became n question of letting go or be
ing dragged into the lake on top of the
animals. With a sob tho,llttlo French
man relinquished his hold. Tho water
seemed slowly to rise nnd ovwfllm the
troubled look of pleading in Molly's
"Assassins!" hissed Layoquc at the
two unfortunate youths; that was all.
"I suppose it was a good deal my
fault," commented Hadway, doubtfully
shaking Ills head after I.aveqtic had
left tho olllce. "I ought to have been
surer about the ice."
Hadway was so confirmed In ids be
lief as to ids own culpability that lie
quite overlooked Fabian's Just conten
tion that the mere thinness of tho Ice
was In reality no excuse for tho losing
of tho horses. So Pat and Henrys were
not discharged; were not instructed to
"get their time." Fabian I.avoquo
promptly demanded his.
"I no work wld dat fool dat no t'ink
wit' bees bald!"
This deprived tho camp at once of a
teamster and 11 team. When you re
flect that one pair of horses takes carj?
of the exertions of 11 crew of sawyers,
several swampers and three or four
cant hook men you will readily see
what a serious derangement their loss
Hadway did ids best. He took three
days to search out a bfg team of farm
horses. Then it became necessary to
And a driver; After some deliberation
ho decided to advance Hob Stratton to
tho post, that "decker" having had
more or less experience tho year before.
Erickson, tho Swede, while not a star
cant hook man, was nevertheless sure
nnd reliable. Hadway placed liliu In
Stratton's place. Ho remembered
So tho young man received his nrst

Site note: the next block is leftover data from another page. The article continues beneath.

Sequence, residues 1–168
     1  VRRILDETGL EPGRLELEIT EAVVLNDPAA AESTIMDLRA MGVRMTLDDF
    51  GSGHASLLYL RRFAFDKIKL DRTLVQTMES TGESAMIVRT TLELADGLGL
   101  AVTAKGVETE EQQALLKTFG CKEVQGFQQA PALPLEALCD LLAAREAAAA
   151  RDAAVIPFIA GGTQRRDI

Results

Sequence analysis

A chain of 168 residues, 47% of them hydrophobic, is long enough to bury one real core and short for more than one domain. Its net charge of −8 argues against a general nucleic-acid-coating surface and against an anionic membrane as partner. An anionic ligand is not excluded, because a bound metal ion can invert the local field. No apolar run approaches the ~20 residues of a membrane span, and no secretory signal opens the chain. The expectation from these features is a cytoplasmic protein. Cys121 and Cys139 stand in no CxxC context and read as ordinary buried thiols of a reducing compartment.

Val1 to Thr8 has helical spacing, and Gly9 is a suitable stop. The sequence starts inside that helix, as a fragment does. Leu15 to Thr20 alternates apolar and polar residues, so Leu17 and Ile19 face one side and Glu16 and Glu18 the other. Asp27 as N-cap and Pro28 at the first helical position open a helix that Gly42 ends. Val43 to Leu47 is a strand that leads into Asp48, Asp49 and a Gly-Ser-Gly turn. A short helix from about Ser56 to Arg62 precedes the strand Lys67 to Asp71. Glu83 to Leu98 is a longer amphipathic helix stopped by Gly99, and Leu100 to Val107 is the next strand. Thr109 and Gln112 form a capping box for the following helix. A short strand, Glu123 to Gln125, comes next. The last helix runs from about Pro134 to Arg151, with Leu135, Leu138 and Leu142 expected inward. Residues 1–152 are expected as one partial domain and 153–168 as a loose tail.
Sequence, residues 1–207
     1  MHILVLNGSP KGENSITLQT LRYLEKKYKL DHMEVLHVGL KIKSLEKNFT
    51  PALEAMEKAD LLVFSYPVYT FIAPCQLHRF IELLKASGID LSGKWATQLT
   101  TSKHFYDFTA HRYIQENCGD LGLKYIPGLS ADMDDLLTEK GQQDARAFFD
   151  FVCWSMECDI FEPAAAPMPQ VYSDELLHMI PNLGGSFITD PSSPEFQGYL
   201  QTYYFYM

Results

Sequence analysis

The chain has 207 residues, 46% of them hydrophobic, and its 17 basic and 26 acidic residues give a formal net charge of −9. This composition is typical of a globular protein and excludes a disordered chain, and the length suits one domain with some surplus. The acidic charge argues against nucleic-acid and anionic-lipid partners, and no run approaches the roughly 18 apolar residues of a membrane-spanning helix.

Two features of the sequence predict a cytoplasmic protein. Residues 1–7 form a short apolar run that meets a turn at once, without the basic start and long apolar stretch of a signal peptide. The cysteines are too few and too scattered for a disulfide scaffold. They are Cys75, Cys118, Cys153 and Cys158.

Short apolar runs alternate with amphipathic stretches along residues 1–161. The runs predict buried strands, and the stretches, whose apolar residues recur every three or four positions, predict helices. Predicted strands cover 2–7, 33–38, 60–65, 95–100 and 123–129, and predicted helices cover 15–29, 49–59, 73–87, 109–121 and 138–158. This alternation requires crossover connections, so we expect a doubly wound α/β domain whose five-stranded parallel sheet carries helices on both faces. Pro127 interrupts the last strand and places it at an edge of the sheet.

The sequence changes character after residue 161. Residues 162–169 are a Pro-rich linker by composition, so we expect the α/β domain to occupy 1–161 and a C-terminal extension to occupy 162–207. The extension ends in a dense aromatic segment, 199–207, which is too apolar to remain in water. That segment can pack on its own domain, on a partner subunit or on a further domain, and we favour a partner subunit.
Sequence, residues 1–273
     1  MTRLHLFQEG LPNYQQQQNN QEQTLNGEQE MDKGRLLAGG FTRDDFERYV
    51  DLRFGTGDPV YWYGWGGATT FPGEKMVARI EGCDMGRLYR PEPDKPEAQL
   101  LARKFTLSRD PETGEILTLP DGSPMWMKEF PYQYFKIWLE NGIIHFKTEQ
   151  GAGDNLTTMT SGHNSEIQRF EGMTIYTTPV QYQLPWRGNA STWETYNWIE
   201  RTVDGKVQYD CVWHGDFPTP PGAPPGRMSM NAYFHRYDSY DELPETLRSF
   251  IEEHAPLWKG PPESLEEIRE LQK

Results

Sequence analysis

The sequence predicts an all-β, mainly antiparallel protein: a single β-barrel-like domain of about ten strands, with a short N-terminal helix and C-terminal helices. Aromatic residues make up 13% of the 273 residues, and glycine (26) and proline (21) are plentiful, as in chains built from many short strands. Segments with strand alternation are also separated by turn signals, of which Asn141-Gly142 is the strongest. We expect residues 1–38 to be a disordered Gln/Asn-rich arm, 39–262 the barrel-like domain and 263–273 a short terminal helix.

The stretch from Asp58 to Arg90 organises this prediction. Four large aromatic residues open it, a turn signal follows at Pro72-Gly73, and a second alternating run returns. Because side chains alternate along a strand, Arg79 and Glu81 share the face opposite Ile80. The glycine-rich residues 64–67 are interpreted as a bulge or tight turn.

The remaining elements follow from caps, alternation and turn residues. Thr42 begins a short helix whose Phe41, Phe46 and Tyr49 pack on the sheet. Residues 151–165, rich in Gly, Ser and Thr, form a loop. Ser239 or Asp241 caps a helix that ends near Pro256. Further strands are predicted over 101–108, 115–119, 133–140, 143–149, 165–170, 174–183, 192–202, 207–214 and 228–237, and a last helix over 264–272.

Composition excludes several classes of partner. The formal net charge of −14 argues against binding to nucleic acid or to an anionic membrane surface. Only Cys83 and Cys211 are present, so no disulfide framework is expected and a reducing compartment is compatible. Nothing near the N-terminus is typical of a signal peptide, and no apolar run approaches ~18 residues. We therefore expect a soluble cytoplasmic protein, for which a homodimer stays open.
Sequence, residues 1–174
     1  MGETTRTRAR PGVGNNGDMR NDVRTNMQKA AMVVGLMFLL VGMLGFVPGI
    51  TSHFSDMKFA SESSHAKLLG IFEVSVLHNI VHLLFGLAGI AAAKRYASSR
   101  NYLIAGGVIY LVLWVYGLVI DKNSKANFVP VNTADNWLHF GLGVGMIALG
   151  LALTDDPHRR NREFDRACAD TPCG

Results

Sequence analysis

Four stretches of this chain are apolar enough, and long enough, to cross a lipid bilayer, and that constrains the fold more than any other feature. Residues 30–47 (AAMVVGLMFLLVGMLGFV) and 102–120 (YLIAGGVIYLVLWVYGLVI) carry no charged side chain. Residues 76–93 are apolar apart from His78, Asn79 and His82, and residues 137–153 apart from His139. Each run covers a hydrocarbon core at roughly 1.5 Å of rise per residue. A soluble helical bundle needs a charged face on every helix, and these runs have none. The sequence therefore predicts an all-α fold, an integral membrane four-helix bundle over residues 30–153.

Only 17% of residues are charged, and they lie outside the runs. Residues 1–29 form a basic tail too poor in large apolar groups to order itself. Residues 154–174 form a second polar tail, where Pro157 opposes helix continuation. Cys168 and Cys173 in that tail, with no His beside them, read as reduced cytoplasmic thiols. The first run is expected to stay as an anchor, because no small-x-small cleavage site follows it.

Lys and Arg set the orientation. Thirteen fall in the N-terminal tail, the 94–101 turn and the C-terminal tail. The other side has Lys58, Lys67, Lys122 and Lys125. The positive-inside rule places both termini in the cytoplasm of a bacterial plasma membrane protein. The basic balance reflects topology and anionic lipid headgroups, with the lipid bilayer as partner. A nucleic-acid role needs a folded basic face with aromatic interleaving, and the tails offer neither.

promotion toward tho ranks of skilled
labor. Ho gained lit last a Held of ap
plication for the accuracy he had ho In
telligently ncqulred while roadiuakiug,
for now a false stroke marred n saw
log; nnd besides, what was moro to his
taste, ho found himself near the actual
Bceuo of operation at tho front, as It
Hero ho learned why and when tho
sawyers throw a treo up or down hill,
aud how small standing timber they
tried to fell It through, what consider-
Molly, mill tii)al(J bit FuliUin, luuhcd at
llllrP. r..n., ..in ....1-1.1 1... K.1.1.... i..,.kr.i ,,t observing. iug the auditor constitute the board awailintr the landinc of the Tana- t P S f ! Il
ntlon hold for the cultlnc of dltrorejit
liMiRtlm of lop, how tho tliuher was
skillfully decked on the skids In such n
""" ""I1 1,,0t,"' J,uuM !.,0rt ""'ft'
or full and so that the scaler could
B" ucicmimc u.u ,.,..,., em,
llic "? lo71 Bl",rIt; tHon-nm mid
ono 1UI "'' w ,",,,lmrlly1 "
man learns only as the exigencies nrlse
. .. . n.WI-.I..nA ft,,.... 1... fltif
IIU Villi 111 UAllfllLiaX1. iltlVi ,!. IIV: ......
realized ho was In tho llrluj: line.
Thorpo had assigned hlui as 11 hunk
1 junto the young fellow who assisted
1 Tom llrondhead In the felling.' Henry
1 Paul was :i fresh coinplexloiied, clear
eyed, quick mannered young fellow,
with 1111 air of utoady roipotnlhlllty
about hlui. He came from the southern
Thorpe. Mini sick ufler hli rei-m e
pivI'MU"" w" the eh'iH'v nfltm" - '
" "cii ,1 .val ple.iMire in thN fresh
i . iv iia,s after the newcomer h.v
....in in -it Hi." Hiviiiupliig I'iiul. iliii
1;.' liu'lr c.uly h if.'iutig walk lr.11
... i.i to in h'tcne 111' itielr opeiMtiou
a.. it in lain 1 iir.ucr.
Hut 11. miner tetter, ch'.ininiy." .il
e. "1 uiife In ye. onlay. tlii tell
.c" he lii-Hltai'1'!. with 11 liluih. an1
. 11 n Icippy liugli. "lh.it ll.c.i nln'
'HWr. in tie illy two of us at the tarn
Y. 11 in an'" queried Thorpe.
"." Ihiijiiil Paul, 'ami If It's r
.iri siie gets 11111111I after her mother
mi net. ' -
j he m.'ii separated. In 11 innmeut
hoi;i toillid himself waist deep In
lie pitchy moiualh' 'top of an old huh
MP. cir.'plng nny nt the piojectli.t
ir.ini'lirs. Afier a time he heard Paid'
''limber:" cune the cry, aim then
the xwlNh-idih cr.isli of the tree'i
Thorpe knew that now either Hank
or Tom mint ho climbing with the long
measuring polo along the prostrate
trunk, marking by means of shallow
ax clips where the saw was to divide
tho logs. Then Tom shouted some
thing unintelligible. Tho other men